|Year : 2014 | Volume
| Issue : 19 | Page : 1706-1707
Mitochondrial membrane protein Bcl-xL, a regulator of adult neuronal growth and synaptic plasticity: multiple functions beyond apoptosis
Han-A Park, Elizabeth A Jonas
Department of Internal Medicine, Section of Endocrinology, Yale University, New Haven, CT, USA
|Date of Acceptance||25-Sep-2014|
|Date of Web Publication||6-Nov-2014|
Elizabeth A Jonas
Department of Internal Medicine, Section of Endocrinology, Yale University, New Haven, CT, 06520
Source of Support: None, Conflict of Interest: None
|How to cite this article:|
Park HA, Jonas EA. Mitochondrial membrane protein Bcl-xL, a regulator of adult neuronal growth and synaptic plasticity: multiple functions beyond apoptosis. Neural Regen Res 2014;9:1706-7
|How to cite this URL:|
Park HA, Jonas EA. Mitochondrial membrane protein Bcl-xL, a regulator of adult neuronal growth and synaptic plasticity: multiple functions beyond apoptosis. Neural Regen Res [serial online] 2014 [cited 2020 Nov 24];9:1706-7. Available from: http://www.nrronline.org/text.asp?2014/9/19/1706/143413
The B-cell lymphoma 2 (Bcl2) family of proteins participates in cell death or survival through a mitochondrial pathway. The pro-apoptotic members of the Bcl2 family such as Bim, Bid, Bax and Bak trigger cell death by contributing to the enhancement of mitochondrial outer membrane permeability to pro-apoptotic factors such as cytochrome c, with the subsequent activation of caspases. The anti-apoptotic members, such as B-cell lymphoma-extra large (Bcl-xL), block the pro-apoptotic Bcl2 members and prevent cell death. Bcl-xL is abundantly expressed during development and in mature neurons, suggesting that it plays a role in protection from death from untoward events occurring in adult life such as ischemia, inflammation or trauma. When these neurotoxic insults occur, Bcl-xL translocates to mitochondria and prevents activation and homo-oligomerization of pro-apoptotic family members such Bax and Bak. Numerous studies have shown pro-survival roles for Bcl-xL in adult neurons using various models; nevertheless, the role of Bcl-xL outside of the field of neuronal death, i.e., in adult neuronal growth, excitability or synaptic plasticity, has not been studied in depth.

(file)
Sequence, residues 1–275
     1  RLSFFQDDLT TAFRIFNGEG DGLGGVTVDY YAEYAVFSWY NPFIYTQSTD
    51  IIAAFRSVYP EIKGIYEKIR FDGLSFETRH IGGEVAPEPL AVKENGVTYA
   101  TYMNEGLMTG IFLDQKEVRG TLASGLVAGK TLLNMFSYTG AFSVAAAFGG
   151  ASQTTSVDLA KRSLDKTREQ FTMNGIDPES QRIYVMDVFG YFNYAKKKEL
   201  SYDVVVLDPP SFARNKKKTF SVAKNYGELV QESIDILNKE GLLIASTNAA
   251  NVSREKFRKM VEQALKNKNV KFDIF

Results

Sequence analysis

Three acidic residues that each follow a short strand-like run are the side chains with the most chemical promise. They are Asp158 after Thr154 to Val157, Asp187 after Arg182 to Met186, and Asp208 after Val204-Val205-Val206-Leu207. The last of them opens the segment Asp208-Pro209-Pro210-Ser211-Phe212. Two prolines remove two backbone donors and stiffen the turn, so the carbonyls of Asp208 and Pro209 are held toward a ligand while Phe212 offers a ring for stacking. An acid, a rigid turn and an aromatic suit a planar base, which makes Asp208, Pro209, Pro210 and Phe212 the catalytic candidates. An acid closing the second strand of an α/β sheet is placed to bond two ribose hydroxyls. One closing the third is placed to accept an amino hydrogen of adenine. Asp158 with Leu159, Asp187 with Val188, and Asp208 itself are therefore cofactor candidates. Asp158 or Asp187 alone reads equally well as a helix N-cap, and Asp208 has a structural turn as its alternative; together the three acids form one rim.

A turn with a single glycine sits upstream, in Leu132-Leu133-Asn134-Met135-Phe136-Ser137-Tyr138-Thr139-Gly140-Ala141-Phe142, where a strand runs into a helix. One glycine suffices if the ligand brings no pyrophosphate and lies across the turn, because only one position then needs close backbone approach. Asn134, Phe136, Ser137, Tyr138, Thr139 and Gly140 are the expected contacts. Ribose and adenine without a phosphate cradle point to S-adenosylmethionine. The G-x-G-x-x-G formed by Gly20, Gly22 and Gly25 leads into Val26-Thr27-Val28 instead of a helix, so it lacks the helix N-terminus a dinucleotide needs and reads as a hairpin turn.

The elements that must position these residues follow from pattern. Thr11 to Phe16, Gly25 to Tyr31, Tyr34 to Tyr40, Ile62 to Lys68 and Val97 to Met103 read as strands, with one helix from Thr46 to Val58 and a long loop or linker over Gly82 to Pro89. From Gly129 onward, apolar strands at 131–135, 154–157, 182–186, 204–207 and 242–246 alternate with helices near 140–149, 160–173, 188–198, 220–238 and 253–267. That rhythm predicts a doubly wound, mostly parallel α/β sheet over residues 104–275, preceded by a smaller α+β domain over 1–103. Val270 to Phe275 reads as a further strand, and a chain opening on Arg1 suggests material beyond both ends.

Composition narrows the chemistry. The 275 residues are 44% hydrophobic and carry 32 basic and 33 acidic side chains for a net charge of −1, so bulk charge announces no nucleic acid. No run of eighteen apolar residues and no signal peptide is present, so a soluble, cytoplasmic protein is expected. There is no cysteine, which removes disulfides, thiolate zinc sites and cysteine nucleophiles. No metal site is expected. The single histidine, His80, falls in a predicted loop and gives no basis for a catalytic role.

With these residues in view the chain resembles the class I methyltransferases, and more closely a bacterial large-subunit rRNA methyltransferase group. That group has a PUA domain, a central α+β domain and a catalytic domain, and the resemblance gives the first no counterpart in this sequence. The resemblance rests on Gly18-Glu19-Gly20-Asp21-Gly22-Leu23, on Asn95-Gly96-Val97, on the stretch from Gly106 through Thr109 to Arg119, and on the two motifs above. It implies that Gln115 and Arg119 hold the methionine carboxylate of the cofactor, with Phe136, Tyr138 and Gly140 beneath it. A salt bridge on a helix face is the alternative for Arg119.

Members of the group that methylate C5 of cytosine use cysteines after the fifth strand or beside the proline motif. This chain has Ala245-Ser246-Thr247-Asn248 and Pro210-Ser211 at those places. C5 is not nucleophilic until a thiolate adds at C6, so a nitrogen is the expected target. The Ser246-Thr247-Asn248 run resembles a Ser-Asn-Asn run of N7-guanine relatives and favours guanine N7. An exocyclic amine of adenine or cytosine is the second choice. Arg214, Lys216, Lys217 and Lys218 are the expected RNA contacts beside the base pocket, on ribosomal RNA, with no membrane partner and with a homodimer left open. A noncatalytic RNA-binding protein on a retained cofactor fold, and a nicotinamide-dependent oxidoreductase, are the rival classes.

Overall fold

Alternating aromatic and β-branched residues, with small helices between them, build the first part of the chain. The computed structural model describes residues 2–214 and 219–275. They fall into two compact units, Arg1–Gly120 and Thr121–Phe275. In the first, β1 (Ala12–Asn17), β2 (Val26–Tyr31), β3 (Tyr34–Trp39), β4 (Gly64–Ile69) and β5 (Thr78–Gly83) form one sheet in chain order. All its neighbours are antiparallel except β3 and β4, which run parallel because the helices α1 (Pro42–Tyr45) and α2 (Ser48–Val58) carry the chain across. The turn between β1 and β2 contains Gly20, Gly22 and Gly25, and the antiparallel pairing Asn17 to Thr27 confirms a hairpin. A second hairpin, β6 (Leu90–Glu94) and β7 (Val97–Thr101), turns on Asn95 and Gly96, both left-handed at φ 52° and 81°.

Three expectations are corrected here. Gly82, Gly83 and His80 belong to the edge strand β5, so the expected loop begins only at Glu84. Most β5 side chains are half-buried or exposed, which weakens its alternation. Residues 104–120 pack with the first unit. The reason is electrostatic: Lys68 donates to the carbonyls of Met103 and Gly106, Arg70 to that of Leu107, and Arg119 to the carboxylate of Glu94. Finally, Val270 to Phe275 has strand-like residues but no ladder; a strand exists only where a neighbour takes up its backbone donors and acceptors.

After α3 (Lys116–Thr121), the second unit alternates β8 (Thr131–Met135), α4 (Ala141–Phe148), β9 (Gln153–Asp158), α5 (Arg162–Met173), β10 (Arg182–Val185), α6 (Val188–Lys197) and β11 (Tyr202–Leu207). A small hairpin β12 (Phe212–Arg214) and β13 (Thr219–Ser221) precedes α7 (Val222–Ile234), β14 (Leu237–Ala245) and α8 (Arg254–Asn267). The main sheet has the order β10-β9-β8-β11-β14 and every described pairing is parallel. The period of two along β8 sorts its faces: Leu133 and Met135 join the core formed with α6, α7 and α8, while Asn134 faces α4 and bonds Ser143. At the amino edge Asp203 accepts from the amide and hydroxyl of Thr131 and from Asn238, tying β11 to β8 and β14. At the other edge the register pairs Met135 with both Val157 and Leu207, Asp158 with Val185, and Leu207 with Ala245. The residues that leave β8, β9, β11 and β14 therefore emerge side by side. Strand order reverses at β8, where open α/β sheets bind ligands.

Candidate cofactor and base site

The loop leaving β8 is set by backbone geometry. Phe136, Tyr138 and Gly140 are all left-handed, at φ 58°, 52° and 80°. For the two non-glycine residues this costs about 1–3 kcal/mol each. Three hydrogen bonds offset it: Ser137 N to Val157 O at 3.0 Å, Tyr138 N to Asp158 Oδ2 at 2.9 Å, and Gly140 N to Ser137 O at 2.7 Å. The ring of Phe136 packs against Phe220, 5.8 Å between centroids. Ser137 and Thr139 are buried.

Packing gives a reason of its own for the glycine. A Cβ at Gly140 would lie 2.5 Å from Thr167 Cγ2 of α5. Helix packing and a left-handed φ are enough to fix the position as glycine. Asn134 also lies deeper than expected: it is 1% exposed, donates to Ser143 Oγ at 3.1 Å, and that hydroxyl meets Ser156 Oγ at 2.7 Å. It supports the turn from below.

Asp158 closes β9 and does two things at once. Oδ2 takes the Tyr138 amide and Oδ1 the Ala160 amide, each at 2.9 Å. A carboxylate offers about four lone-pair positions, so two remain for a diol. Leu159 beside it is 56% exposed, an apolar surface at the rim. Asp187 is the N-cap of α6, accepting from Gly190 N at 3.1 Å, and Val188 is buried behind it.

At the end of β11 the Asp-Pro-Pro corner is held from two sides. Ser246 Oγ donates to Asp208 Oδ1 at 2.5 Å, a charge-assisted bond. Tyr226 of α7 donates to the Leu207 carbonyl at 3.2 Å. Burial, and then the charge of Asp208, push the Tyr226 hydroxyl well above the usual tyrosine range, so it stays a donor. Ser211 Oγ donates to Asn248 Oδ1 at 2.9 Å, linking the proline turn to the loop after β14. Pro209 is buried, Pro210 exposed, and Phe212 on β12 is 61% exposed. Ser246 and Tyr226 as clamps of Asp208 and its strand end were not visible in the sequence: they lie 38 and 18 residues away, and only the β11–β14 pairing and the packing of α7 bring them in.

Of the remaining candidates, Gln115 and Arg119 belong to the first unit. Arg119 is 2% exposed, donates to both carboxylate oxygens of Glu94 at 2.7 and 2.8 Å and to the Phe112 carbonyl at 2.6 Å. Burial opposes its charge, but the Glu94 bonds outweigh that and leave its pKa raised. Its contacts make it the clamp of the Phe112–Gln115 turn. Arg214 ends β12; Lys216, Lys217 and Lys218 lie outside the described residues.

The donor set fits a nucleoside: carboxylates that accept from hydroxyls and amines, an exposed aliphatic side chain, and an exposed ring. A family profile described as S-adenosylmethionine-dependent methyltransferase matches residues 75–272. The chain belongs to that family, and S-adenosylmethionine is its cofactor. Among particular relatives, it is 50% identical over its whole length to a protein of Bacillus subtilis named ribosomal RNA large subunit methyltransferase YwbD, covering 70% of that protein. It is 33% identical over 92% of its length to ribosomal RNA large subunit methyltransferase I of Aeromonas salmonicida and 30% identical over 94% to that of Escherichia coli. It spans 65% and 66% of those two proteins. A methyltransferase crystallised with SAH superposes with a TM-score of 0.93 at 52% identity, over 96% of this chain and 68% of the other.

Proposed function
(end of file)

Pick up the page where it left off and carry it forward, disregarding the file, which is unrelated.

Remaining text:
Our laboratory has been investigating the function of Bcl-xL not only in mitochondrially mediated apoptotic signaling, but also in cells not exposed to death stimuli. We observed that blocking Bcl-xL does not cause immediate cell death, but rather impairs mitochondrial localization to synapses and synapse formation (Li et al., 2008). We found further that Bcl-xL improves metabolic efficiency by interacting with the F 1 F O ATP synthase in the mitochondrial inner membrane, and ultimately helps neurons to produce more ATP while using less oxygen (Alavian et al., 2011; Chen et al., 2011). We also reported that Bcl-xL binds directly with dynamin-related protein 1 (Drp1). This protein-protein interaction occurs not only at mitochondrial membranes to regulate mitochondrial targeting, but also at clathrin-coated pits in the plasma membrane. Interaction of Bcl-xL with synaptic vesicle membranes is critical for the normal process of synaptic vesicle endocytosis during neuronal stimulation (Li et al., 2013).
The most recent study from our laboratory reported that Bcl-xL is necessary for neuronal outgrowth and neuronal network formation (Park et al., 2014). We applied an RNAi gene silencing technique using recombinant adeno-associated virus (rAAV) to primary hippocampal neurons. Bcl-xL-mRNA-targeting rAAV delivery consistently showed that depletion of Bcl-xL did not influence immediate neuronal death or survival. However, we observed striking differences in the morphology of Bcl-xL siRNA-expressing neurons. Bcl-xL-depleted neurons failed to elongate; in addition, neuritic branching was impaired. These changes led to very delayed death of neuronal somata after 4 weeks in culture. The morphological changes of the neurites also increased the vulnerability of neurons to neurotoxic stimuli (hypoxia).
Bcl-xL may target multiple pathways to regulate neurite outgrowth, and we identified death receptor 6 (DR6) as one molecule under Bcl-xL control. DR6, a member of the tumor necrosis factor (TNF) receptor superfamily that contains an intracellular death domain, is reported to be necessary for normal axonal pruning in response to neuronal growth factor (NGF) withdrawal in spinal neurons (Nikolaev et al., 2009). During preliminary screening, we observed upregulation of DR6 in the CA1 region of rat hippocampus after four vessel occlusion (4VO)-induced ischemia. DR6 expression was significantly upregulated at 24 hours after reperfusion then decreased at later time points. 10 minute occlusion by 4VO does not cause immediate cell death but instead results in delayed death in CA1 hippocampal neurons. Degenerated neurons typically appear at 6-7 days, but not at 24 hours after 4VO procedure. This gave us a clue that DR6 may be an ischemia-activated molecule that could trigger acute neuronal changes followed by delayed somatic death at 6-7 days.